See The Rivian R1T In More Detail Here


How about a more detailed, up-close look and explanation regarding the all-new, upcoming Rivian R1T electric pickup truck?

Thankfully, our great friend Sean Mitchell has been following the Rivian launch for some time. In fact, he was in the Detroit area way back in May to get an exclusive look at Rivian’s products, and more specifically, the R1T all-electric pickup truck. Some of us at InsideEVs are local to the Detroit area, but still had to wait until recently to check out Rivian’s upcoming product line.

Sean has had to keep it quiet for over six  months now (despite the fact that some publications broke the embargo and published secret specs and information prematurely). However, since the embargo lifted this morning, he is finally able to reveal his thoughts, as well as elaborate on the specs, which were just announced today. While Sean is clear to state that he is a Tesla fan, he’s an EV fan by heart and makes a concerted effort to dive into all upcoming EV development, and we’re impressed with his work and connections. Moreover, Sean — like us — denounces all the brand fighting and negativity that seems to come with new electric vehicle announcements.

Sean will be at the official unveiling this evening, which coincides with the LA Auto Show. He hopes to post live video and then provide some insight after the event. We will be in touch with him and continuing to put out news as we receive it. For now, Sean has worked up a video presentation outlining the R1T’s specs and details to get us all pumped up. All we can say right now — and have said repeatedly in the past — is that Rivian seems to be the real deal when it comes to future EVs, and Sean seems to agree. The company has capital, big plans, a solid vision, and a working production facility. We feel the new automaker has gone about the process in a respectable manner and has incredible products to offer. We can only hope that it will all materialize as advertised.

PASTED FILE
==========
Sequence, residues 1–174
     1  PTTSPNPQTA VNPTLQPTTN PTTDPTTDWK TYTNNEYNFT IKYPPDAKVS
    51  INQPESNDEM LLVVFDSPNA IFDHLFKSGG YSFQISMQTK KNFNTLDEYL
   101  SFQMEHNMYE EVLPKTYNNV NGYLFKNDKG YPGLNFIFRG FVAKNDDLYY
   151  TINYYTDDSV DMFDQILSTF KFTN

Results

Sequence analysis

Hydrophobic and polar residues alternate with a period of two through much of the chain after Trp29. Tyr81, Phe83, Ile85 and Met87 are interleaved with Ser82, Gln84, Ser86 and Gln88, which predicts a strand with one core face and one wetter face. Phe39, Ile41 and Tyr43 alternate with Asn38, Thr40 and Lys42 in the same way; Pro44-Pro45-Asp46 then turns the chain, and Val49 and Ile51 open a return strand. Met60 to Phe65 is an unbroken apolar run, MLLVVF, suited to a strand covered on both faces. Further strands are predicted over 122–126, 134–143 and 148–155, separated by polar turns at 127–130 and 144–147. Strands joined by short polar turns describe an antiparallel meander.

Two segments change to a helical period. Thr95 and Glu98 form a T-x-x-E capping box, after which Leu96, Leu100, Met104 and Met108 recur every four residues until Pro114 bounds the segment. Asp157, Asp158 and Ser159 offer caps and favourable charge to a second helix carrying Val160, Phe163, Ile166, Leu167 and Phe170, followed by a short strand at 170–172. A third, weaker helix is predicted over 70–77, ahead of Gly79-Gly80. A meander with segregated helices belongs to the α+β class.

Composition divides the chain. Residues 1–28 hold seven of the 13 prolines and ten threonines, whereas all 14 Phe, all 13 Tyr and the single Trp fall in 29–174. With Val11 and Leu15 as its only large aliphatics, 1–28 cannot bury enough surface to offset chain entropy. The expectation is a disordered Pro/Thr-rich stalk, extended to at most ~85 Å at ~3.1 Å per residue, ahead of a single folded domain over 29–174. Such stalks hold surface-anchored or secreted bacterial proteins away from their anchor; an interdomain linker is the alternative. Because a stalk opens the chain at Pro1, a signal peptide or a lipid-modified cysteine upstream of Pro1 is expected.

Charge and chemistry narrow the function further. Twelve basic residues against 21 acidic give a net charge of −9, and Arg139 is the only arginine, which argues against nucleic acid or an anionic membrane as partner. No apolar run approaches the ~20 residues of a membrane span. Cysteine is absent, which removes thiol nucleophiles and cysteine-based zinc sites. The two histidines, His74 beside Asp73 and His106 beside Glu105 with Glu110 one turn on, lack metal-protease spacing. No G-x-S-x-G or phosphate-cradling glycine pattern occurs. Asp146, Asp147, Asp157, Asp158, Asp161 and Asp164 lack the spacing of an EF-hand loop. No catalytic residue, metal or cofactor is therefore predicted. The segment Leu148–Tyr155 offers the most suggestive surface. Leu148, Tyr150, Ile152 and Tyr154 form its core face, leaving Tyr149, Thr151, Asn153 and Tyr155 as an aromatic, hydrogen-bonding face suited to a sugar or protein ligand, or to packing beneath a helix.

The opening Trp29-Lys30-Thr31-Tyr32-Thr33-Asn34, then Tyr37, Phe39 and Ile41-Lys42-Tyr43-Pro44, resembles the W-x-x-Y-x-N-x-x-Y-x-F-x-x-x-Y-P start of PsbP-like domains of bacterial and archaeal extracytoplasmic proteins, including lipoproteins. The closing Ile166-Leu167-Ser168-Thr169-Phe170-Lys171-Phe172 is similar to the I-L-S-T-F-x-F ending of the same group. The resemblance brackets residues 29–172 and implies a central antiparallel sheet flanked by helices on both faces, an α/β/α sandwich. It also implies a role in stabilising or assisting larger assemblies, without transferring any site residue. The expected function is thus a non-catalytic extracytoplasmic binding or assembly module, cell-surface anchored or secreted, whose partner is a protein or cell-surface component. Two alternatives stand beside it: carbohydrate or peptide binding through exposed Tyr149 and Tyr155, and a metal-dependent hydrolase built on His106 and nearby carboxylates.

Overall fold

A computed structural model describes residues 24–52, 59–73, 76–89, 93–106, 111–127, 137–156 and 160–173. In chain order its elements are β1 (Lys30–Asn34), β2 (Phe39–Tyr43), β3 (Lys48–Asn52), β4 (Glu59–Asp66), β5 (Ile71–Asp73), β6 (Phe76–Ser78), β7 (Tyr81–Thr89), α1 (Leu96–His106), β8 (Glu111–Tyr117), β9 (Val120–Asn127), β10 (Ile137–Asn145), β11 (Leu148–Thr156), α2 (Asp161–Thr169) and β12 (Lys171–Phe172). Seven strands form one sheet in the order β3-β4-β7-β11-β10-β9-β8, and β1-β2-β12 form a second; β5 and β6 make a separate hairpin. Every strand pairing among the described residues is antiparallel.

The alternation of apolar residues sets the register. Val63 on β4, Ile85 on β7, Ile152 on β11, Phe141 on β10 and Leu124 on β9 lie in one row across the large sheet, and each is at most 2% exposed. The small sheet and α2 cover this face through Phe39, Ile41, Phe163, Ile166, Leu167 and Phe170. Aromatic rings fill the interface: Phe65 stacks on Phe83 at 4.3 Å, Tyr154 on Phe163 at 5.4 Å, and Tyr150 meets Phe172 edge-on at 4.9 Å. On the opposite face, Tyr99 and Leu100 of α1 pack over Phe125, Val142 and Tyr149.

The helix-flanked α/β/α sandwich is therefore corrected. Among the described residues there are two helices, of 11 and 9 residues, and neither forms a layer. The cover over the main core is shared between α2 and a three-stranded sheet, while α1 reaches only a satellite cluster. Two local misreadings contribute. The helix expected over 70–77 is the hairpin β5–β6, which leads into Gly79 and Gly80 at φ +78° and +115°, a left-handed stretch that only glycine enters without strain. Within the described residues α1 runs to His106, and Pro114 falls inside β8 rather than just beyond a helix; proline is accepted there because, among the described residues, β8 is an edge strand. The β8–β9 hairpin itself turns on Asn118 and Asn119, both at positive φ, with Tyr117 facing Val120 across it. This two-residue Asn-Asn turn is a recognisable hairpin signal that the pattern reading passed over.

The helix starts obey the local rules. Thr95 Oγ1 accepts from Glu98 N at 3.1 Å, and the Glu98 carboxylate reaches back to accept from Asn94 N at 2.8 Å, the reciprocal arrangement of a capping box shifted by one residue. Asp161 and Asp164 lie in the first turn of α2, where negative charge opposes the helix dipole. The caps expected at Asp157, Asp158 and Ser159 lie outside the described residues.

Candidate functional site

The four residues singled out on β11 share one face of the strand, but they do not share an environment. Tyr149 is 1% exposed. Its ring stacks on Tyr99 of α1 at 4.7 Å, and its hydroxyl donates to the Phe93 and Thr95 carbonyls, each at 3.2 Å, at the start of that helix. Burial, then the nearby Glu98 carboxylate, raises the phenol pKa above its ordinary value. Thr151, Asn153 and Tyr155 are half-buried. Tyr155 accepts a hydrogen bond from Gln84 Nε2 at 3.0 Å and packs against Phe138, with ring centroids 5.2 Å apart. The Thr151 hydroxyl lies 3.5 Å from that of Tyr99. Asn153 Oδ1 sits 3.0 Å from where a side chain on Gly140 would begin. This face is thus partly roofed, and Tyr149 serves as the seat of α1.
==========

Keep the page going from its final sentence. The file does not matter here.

Stay tuned as we continue to share about the R1T and also the automaker’s R1S electric SUV.

Video description via Sean Mitchell on YouTube:

Rivian R1T EV Pickup Truck specs are HERE!!

20 photos

Categories: Rivian


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18 Comments on "See The Rivian R1T In More Detail Here"

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Looks fantastic!

Have they announced production goals in 2020, 2021?

Quick Takeaways:
– happy they call it “truck” and not “pickup”
– nice offroad stance – great wheels
– frunk and gear tube have obvious benefits for family trips/outdoor adventures
– about the same width/track/height as a full size, shorter than any crewcab full size pickup
– about 2/3 the volume in the bed as a typical crew cab pickup, just over 1/2 volume of a standard bed (6.5′)
– not sure that tailgate will be able to support much weight – needs extra support beyond the “retractor” cables
– exterior design is actually quite nice, save for the headlights (would have been nicer with round headlights – see Jeep JL Wranger)
– interior is obviously top spec (and expensive) looks too Land Rover’ish) – hopefully more options with less bling and $$$
– specs look good – can’t wait to see some independent reviews
– not sure what to make of pricing – is the $69k price the equivalent of the Model 3’s $35k? Hopefully demand is low so I can get a lower priced model before 2025 😉

The headlights are the only fugly piece on this truck. I hope they go back to the drawing board before release.

Agreed. They really need to rethink those and there is time. It looks pretty stupid the way it is. Definitely NOT $100,000 vehicle worthy. The rest of the exterior is OK. Not a huge fan of the side dual swoops, but they’re not offensive.